Public sector faces triple threat of industrial action over salaries

The threat of industrial conflict is hanging heavily over the public sector this week as the Treasury refuses to budge from its 2% limit on pay rises.

Local authorities, the Ministry of Defence, the Prison Service and the Highways Agency are just some of the bodies at risk of being hit by strikes.

Unions have spoken of their intention to step up their fight for better pay, ­conditions, pensions and job security across the public sector:

  • The Public and Commercial Services Union (PCS) has announced a work-to-rule day across the Civil Service on Friday 23 February, when only contracted hours will be worked by union members.
  • Professionals’ union Prospect opened ballots on industrial action over pay claims for its members in many government departments.
  • Public sector unions Unison and GMB revealed plans to fight for a 5% pay rise from local authorities.

Up to 200,000 civil servants took part in a strike on 31 January over the government’s Gershon Review efficiency drive since 2004.

Mark Serwotka, PCS general secretary, said: “Civil service management, along with the government, cannot continue to bury its head in the sand, hoping the problems of pay, deteriorating services and privatisation will simply go away.”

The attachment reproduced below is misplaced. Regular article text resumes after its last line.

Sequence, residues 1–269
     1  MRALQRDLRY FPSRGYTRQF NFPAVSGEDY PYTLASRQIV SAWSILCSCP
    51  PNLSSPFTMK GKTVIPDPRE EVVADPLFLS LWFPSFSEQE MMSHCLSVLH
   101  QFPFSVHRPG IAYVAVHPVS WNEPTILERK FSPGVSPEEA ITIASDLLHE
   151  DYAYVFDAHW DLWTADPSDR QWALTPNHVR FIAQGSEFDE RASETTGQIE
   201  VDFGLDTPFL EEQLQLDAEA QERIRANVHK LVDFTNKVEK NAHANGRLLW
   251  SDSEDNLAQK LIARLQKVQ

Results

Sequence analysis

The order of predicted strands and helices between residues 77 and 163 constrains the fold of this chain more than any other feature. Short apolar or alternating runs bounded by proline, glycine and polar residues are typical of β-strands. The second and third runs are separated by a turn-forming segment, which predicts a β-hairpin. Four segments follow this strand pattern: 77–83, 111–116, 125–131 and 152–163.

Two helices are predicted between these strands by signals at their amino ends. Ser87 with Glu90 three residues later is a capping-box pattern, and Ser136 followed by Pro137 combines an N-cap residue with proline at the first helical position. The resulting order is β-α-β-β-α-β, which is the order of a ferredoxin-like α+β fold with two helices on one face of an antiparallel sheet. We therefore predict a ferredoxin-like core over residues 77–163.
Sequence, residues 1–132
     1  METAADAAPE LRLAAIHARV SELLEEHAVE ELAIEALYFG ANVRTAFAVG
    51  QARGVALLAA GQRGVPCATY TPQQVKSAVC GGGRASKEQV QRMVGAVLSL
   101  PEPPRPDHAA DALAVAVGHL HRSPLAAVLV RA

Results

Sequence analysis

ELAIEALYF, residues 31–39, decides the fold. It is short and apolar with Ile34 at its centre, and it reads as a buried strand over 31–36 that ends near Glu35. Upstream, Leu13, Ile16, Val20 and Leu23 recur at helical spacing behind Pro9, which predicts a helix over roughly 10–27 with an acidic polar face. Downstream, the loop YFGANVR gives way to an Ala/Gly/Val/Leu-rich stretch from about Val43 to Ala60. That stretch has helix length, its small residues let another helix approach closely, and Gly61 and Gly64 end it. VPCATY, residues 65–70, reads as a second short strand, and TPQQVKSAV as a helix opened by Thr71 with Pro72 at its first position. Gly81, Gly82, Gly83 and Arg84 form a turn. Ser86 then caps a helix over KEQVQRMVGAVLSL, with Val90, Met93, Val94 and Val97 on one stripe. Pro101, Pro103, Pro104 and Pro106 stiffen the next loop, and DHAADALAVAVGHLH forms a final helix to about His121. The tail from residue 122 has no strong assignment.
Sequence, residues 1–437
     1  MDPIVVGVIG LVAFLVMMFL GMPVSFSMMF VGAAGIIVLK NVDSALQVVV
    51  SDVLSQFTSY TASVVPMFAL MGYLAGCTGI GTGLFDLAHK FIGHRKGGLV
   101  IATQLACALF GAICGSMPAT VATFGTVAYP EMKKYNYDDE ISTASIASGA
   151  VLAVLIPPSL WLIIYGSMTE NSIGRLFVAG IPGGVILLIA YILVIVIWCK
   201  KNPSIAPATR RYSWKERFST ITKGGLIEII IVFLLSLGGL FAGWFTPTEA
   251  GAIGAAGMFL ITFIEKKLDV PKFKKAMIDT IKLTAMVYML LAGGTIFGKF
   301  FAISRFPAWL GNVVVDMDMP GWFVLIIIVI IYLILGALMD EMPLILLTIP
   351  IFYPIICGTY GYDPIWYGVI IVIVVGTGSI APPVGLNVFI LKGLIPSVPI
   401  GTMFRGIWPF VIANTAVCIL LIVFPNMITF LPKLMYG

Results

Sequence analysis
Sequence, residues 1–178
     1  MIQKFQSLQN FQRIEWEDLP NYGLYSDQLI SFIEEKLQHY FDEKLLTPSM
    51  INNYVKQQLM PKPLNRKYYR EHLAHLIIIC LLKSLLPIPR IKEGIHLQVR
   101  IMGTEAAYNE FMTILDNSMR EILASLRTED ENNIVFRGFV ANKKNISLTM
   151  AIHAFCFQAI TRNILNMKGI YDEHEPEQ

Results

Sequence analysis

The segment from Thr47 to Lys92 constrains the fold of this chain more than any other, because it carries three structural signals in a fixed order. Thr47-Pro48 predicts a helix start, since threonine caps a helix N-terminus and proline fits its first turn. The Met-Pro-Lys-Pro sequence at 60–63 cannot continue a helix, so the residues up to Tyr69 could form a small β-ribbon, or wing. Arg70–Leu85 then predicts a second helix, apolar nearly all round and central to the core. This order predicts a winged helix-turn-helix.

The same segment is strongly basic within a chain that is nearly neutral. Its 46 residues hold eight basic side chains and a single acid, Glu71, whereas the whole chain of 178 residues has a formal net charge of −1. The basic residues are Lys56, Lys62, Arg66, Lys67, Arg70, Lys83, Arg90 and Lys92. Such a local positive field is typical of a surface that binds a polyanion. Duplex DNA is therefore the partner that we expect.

Meanwhile, Prospect’s civil service sector executive issued a warning after reviewing potential industrial disputes affecting professionals in eight departments, agencies and non-departmental public bodies. The union’s assistant general-secretary, Dai Hudd, said: “The chancellor’s arbitrary ceiling is raising tensions right across the service.”

Unison and the GMB have presented a claim to councils for a 5% rise or £1,000 – whichever is greater. They also want a one-day increase in annual leave for all employees, and a reduction of the standard working week to 35 hours without loss of pay.

Jan Parkinson, managing director of Local Government Employers, told Personnel Today that councils would be “very fortunate” to get a deal at 2%.

Comments are closed.